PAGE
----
Participants identified convincing stakeholders and management support as major challenges. Consequently, management support and the identification of priorities based on corporate strategy are top of the list when it comes to critical success factors for data governance programs. The third priority – making data governance a substantial element of all projects and processes – appears difficult to realize in practice. The predominant focus of data governance initiatives on BI and data warehouse environments demonstrates that there is still a long way to go.
When these prioritized success factors are compared with current measures and established roles, it becomes apparent that data governance has not yet transferred from theory to practice. For example, only 24 percent of participants believe that internal marketing of data governance is important to convince potential stakeholders from lines of business. However, this is a crucial measure to secure management support. Overall, the findings of this study suggest that much of the potential of data governance is yet to be discovered.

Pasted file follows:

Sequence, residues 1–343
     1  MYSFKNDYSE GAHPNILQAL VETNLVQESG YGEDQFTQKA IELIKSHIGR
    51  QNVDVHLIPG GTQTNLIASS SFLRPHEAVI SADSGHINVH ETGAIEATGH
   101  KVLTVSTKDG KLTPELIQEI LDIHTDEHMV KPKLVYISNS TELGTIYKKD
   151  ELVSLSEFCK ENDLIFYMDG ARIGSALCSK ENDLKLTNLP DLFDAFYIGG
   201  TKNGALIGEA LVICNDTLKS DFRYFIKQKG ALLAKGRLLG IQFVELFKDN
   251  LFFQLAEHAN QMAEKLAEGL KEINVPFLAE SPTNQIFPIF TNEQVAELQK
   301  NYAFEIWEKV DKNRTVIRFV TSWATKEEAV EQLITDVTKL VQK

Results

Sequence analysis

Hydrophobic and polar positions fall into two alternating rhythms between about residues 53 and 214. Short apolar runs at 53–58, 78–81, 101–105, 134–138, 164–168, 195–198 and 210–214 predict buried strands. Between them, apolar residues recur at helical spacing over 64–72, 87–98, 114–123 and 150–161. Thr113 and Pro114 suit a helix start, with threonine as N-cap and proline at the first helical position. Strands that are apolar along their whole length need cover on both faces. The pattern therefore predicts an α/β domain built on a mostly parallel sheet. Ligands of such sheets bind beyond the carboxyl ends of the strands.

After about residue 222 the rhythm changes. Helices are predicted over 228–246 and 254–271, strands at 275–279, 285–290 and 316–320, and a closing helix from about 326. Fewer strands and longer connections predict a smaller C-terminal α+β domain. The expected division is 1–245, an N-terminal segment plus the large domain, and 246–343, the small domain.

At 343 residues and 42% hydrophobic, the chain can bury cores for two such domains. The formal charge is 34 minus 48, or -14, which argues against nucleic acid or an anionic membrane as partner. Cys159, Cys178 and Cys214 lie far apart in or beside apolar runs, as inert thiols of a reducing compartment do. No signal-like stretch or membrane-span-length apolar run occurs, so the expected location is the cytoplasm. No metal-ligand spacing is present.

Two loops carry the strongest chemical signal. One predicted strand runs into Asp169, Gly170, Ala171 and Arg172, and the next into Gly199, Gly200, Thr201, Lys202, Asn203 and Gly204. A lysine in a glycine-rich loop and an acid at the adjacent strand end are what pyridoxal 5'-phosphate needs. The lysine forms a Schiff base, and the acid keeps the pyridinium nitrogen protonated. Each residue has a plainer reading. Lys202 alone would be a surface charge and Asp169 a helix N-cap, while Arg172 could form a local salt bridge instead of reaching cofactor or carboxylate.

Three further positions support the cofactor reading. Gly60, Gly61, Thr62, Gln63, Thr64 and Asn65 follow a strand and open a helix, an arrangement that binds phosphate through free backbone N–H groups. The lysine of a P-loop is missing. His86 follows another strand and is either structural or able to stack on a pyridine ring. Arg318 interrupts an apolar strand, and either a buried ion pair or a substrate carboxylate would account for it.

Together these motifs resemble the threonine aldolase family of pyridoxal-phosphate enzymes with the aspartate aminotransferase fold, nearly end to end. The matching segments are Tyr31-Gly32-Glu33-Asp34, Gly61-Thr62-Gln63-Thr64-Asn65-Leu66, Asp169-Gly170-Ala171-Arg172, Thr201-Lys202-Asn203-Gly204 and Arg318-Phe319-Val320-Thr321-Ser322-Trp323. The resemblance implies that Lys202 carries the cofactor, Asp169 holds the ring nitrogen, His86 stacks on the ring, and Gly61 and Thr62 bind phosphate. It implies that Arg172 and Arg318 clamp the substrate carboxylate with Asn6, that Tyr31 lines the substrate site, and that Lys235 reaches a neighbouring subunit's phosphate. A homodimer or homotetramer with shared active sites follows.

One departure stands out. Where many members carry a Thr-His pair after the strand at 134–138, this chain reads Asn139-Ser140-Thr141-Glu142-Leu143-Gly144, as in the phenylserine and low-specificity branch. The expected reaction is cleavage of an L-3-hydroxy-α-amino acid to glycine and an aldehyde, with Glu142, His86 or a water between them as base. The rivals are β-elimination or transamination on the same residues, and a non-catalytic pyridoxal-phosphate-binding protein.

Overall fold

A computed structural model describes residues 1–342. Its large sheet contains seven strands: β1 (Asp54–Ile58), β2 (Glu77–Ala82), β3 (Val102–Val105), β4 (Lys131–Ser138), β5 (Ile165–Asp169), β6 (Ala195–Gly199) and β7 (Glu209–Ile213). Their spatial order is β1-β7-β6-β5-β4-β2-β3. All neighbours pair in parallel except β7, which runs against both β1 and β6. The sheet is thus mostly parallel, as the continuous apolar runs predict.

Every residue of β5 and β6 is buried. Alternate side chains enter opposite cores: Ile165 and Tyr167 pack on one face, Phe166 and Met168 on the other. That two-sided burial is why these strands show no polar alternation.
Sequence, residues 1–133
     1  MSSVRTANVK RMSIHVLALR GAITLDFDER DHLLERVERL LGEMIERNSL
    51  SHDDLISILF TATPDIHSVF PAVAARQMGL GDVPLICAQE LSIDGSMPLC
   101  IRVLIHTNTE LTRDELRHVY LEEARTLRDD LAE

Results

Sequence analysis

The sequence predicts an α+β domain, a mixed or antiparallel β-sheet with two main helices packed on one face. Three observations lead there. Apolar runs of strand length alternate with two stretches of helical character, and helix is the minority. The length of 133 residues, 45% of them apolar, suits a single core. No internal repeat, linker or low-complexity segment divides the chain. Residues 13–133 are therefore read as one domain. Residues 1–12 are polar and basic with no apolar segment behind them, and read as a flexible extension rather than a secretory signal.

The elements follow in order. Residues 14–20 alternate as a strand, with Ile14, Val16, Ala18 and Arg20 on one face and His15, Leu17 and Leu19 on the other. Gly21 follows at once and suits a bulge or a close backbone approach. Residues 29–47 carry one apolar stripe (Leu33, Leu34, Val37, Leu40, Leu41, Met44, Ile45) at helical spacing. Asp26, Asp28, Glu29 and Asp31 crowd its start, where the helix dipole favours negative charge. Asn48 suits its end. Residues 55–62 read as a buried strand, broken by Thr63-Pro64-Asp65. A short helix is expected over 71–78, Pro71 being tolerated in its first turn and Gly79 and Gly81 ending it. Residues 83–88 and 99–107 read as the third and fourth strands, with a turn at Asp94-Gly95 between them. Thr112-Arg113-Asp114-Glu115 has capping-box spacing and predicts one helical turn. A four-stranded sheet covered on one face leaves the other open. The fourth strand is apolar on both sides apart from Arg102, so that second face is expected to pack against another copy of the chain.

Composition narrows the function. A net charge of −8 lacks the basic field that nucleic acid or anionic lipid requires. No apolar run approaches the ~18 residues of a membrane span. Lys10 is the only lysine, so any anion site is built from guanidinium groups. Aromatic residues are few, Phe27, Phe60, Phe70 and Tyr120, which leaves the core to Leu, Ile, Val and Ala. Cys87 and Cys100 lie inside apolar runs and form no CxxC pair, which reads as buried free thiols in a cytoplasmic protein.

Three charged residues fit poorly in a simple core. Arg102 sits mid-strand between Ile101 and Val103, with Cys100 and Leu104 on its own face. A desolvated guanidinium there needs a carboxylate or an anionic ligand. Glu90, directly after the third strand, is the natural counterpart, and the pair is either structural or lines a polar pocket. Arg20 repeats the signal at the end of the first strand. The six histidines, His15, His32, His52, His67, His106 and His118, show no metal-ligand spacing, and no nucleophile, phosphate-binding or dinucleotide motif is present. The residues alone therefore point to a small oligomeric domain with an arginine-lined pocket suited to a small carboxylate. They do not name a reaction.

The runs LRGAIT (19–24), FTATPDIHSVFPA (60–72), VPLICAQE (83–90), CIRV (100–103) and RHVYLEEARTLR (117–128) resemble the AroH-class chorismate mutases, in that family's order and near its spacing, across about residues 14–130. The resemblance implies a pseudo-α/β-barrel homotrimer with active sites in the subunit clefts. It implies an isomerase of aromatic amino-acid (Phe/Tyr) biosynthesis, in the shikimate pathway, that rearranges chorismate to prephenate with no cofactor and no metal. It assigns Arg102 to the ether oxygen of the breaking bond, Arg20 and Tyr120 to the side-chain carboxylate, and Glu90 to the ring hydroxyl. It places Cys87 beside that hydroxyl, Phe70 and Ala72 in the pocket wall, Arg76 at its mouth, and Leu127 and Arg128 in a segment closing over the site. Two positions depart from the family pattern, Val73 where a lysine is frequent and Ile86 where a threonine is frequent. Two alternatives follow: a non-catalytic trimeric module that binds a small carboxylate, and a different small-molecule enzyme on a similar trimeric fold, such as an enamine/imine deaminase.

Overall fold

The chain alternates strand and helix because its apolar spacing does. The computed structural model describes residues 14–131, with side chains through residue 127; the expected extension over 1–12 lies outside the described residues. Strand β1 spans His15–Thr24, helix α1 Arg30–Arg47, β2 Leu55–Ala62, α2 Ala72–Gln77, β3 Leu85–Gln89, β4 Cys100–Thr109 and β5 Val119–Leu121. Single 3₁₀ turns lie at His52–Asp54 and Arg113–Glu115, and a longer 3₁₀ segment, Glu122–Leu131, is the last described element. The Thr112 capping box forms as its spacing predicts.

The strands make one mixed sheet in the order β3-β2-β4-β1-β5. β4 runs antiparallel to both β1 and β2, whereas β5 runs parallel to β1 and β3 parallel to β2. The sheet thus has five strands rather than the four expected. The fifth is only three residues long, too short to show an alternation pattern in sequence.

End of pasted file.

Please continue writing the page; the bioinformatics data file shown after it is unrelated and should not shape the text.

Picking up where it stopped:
Companies find themselves facing great complexity and, in particular, organizational challenges. We would like to conclude with the central success factors we have learned from this study:
- Line of business involvement is essential for data governance establishment. Business users currently do not have the appropriate resources and skills available to master this task and must be empowered.
- Executive support and acceptance in business are essential prerequisites for pursuing data governance. Management can be convinced by obvious need. A good starting point is to monitor and visualize (poor) data quality and create a feedback loop from analytical data usage back into core business processes.
- Data governance should be set up as an overarching enterprise initiative, not limited by boundaries set by specific data environments. Focusing data governance on the data warehouse maintains the data problem instead of solving it.
Infographic of the key findings